Targets of heightened scrutiny include the part-ownership deal made by leaders of the Aboriginal Pipeline Group, who come from the northern-most districts of Inuvialuit and Gwich’in where the gas production is, and who stand to gain most from the development.

After initially joining the pipeline group the Sahtu are asking questions along with the Deh Cho, who stayed out of the aboriginal investment consortium as a result of unresolved land claims along their southern reaches of the Mackenzie River.

Like the Deh Cho but for different reasons, Sahtu land authorities refused to grant pipeline planners access permits for route studies during the 2003-04 winter work season.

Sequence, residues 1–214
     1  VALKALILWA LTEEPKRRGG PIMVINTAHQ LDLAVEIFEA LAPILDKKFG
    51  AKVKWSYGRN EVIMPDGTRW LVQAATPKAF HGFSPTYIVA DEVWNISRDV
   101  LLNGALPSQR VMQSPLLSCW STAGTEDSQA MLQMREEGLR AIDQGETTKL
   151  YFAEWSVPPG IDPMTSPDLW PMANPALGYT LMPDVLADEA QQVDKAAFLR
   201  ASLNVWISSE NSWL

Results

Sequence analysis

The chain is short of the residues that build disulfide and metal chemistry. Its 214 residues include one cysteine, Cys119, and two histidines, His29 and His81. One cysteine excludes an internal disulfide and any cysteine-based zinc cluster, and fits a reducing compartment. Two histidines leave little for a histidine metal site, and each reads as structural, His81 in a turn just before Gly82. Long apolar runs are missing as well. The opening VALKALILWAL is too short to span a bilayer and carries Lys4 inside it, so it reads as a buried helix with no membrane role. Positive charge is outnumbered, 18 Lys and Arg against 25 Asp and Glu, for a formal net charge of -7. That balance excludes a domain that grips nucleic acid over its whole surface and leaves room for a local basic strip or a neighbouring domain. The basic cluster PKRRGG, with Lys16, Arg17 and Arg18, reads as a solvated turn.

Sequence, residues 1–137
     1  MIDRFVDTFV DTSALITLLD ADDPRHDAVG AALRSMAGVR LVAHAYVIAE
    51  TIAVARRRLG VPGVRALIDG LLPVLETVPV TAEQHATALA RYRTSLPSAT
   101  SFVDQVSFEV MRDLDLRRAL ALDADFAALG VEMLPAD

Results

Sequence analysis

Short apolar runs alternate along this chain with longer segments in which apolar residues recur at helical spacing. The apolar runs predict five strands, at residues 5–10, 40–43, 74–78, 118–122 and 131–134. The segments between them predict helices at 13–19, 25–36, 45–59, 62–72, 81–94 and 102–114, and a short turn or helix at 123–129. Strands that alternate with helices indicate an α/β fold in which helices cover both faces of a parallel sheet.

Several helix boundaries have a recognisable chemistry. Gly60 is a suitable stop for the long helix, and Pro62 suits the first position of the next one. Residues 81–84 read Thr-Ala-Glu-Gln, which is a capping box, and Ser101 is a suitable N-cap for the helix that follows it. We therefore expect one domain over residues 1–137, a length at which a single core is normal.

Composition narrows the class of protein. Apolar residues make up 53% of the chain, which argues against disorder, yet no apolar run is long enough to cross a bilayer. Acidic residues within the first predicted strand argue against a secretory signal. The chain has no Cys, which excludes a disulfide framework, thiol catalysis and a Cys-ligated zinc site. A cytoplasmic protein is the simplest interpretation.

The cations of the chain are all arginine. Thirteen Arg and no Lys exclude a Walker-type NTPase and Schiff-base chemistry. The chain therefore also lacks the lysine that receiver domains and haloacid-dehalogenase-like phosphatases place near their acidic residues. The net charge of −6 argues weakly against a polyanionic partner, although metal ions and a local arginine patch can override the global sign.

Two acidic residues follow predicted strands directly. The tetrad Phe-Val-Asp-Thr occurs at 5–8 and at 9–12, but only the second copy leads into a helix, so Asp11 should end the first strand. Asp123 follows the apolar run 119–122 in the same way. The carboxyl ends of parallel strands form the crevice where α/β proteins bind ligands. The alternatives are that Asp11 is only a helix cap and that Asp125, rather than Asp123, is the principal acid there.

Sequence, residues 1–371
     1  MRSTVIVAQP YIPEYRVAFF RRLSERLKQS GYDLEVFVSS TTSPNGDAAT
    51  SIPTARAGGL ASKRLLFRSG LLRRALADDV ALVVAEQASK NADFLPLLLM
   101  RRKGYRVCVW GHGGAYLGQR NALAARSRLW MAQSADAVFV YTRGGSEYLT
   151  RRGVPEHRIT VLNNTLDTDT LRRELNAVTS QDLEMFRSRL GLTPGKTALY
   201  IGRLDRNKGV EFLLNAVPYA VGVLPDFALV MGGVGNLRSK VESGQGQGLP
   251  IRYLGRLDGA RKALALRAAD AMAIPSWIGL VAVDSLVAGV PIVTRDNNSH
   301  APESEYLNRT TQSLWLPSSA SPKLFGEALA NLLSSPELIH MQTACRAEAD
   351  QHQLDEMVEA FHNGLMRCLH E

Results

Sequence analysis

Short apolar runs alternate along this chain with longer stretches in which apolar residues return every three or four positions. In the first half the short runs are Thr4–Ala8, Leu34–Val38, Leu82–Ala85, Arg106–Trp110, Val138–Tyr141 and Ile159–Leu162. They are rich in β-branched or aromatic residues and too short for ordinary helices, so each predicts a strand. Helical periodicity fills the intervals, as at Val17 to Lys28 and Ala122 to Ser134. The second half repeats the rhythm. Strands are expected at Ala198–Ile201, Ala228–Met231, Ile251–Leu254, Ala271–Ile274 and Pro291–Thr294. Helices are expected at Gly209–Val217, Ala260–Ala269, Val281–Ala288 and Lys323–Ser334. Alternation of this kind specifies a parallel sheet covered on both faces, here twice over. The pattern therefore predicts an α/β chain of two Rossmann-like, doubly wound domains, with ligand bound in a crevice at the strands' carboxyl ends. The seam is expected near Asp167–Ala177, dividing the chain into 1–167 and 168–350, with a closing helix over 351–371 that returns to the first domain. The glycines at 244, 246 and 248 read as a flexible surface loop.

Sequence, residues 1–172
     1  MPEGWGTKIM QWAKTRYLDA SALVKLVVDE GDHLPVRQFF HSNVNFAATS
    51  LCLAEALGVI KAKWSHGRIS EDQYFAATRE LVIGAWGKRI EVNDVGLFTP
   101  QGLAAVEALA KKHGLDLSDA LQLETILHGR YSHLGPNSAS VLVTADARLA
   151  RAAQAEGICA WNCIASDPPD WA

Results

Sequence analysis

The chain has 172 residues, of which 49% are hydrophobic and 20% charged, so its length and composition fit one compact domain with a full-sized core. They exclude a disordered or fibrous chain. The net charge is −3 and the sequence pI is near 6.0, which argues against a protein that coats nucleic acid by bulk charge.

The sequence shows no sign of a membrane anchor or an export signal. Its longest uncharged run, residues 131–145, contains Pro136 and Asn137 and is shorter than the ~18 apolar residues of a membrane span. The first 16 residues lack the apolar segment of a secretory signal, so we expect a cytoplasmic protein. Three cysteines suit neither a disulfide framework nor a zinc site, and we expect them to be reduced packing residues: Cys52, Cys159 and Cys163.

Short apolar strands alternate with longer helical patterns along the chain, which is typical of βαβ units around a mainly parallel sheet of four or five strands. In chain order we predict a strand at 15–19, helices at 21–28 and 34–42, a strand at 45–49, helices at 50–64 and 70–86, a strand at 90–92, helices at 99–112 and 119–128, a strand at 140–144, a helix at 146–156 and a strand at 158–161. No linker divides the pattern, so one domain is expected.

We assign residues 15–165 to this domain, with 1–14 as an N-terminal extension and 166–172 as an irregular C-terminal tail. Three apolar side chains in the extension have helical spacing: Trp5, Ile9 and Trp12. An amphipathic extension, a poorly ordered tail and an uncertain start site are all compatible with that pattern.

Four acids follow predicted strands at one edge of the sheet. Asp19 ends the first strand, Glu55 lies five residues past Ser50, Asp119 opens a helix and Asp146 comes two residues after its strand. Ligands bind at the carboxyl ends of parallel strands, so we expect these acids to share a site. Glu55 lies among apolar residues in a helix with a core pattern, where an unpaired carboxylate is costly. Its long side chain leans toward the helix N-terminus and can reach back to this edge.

A Sahtu member of the territorial legislature, Norman Yakeleya, said leaders of the district’s five communities will start a series of formal meetings on April 28 to review the entire gas project.

Unresolved issues include the ownership and corporate governance structure of the Aboriginal Pipeline Group, its internal profit-sharing arrangements, land access compensation, and resource-revenue sharing between the territorial and native governments, Yakeleya said. The Sahtu are not afraid to stop the gas project if they discover a version more favorable to them can be developed even if that takes years, Yakeleya said. “So what? We’re not going to starve. We’ve really got nothing to lose.”